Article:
Tuesday, February 20, 2007

Informative article about epilepsy

I want to tell you about an interesting article in today’s
New York Times.

Though the article focuses on the life experiences of a 12-year old girl with epilepsy and the impact on her family as well as herself, ,it provides a good overall understanding of the difficulties faced with this neurological disability. It discusses the trade-off of having the seizures versus the often impairing side effects of medication and also the role diet may play in the management of the disorder. It also explores the social stigma associated with epilepsy.

Some statistics in the article worth noting:
*50 million people worldwide have epilepsy
*2.7 million Americans have epilepsy
* There are more Americans with epilepsy than those with Parkinson’s disease, Multiple sclerosis, and Lou Gherig’s disease combined
* 30% of the people with epilepsy have seizures which are not controlled by existing treatments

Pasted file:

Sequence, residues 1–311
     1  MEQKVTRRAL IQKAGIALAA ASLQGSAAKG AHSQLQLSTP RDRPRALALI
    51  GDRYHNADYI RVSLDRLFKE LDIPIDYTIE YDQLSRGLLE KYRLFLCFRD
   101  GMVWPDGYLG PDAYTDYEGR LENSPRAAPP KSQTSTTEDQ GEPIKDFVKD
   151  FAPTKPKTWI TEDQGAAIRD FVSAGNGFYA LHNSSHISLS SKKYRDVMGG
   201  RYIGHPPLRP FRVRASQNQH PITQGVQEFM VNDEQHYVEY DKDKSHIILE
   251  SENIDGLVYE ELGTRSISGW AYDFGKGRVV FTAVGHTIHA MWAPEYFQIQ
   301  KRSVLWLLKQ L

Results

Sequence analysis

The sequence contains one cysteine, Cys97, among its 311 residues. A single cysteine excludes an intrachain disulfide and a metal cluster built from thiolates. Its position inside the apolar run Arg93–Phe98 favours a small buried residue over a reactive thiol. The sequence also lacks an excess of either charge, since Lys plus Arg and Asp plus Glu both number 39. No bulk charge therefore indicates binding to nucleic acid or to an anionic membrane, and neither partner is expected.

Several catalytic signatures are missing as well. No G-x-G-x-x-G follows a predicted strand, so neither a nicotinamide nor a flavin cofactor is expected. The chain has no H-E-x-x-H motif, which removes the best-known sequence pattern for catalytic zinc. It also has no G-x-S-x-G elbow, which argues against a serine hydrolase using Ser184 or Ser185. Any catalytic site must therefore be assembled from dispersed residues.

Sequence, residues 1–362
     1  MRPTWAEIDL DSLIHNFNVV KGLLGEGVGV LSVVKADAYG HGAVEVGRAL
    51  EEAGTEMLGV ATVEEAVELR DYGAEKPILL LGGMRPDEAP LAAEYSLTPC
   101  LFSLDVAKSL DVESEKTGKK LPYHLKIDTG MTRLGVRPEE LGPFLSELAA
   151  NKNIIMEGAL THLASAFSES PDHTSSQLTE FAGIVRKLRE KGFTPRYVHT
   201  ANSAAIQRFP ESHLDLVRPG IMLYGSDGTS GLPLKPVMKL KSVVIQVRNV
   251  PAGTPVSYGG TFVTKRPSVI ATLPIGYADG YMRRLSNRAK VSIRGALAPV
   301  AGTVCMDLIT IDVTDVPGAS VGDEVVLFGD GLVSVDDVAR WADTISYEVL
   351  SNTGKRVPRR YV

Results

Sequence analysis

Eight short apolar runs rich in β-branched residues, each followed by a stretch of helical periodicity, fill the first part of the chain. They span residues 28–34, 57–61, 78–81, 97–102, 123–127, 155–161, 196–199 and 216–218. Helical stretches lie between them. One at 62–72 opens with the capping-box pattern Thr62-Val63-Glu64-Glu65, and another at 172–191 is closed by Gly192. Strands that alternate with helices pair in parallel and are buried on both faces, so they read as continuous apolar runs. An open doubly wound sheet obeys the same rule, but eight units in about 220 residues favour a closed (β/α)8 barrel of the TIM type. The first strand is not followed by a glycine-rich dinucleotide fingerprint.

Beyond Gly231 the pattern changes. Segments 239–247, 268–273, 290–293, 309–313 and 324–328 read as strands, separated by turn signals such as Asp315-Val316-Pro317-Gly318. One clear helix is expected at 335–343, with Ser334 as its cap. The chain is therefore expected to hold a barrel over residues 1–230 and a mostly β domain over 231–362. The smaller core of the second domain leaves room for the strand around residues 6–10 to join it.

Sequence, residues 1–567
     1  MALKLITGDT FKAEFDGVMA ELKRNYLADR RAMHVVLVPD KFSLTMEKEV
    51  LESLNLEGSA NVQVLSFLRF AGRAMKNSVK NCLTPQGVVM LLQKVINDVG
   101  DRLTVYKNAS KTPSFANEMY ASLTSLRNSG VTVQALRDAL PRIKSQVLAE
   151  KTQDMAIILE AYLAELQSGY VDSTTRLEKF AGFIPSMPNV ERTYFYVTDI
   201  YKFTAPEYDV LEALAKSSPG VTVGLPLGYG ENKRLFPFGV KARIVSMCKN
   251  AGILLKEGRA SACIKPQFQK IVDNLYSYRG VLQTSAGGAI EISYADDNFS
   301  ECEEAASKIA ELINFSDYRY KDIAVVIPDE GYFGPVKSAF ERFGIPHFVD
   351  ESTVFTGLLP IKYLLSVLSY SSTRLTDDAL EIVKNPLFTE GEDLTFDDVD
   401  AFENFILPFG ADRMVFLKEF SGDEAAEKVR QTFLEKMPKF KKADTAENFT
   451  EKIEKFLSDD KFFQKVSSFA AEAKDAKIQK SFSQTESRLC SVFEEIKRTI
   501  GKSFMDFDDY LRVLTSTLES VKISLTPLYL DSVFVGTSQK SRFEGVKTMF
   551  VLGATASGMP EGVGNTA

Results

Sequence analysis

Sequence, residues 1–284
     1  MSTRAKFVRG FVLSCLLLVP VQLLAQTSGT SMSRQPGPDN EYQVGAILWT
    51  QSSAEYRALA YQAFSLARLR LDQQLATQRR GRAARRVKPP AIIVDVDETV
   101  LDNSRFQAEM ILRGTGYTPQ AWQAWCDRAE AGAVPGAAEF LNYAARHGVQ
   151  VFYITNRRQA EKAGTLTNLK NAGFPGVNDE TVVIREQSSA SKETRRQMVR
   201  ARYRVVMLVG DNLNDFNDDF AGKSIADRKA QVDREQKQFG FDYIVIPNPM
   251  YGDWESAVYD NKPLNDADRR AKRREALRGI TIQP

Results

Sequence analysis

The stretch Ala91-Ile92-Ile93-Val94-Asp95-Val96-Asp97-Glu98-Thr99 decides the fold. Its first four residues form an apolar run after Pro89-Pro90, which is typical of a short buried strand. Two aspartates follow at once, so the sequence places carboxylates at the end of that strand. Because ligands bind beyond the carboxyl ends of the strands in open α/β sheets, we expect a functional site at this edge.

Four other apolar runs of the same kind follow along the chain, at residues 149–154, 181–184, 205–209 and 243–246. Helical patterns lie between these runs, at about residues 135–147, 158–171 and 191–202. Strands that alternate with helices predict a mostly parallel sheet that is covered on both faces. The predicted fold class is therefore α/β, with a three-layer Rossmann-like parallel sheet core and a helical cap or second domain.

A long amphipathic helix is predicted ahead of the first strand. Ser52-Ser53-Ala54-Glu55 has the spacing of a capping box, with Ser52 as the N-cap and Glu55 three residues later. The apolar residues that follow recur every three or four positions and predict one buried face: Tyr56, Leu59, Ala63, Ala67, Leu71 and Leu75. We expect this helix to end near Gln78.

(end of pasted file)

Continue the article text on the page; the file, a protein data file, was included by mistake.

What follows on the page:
I have had several close friendships over my lifetime with people who have epilepsy and thought I knew a lot about the disorder, yet still found the article very insightful and informative, learning things I had not previously known about epilepsy. Check it out— it is a good read. (Remember that the Times requires registration to read their articles, but it is free.)

1 comment:

Sharon said...


Epilepsy has gone from an obscure mental illness, to a serious illness recognized by state foundations. This remarkable awareness, is because of the great work organizations, such as yourself, has done. We here, at Disease.com, fully support the cause your organization stands for and we are dedicated to aiding in your mission statement. Disease.com is a website which features disease and infection preventions/treatments. If you could, please list us as a resource or host our social book mark button, it would be much appreciated. Lets dedicate our time to the welfare of the 3 million individuals with epilepsy.
If you need more information please email me back with the subject line as your URL.

Thank You,
Sharon Vegoe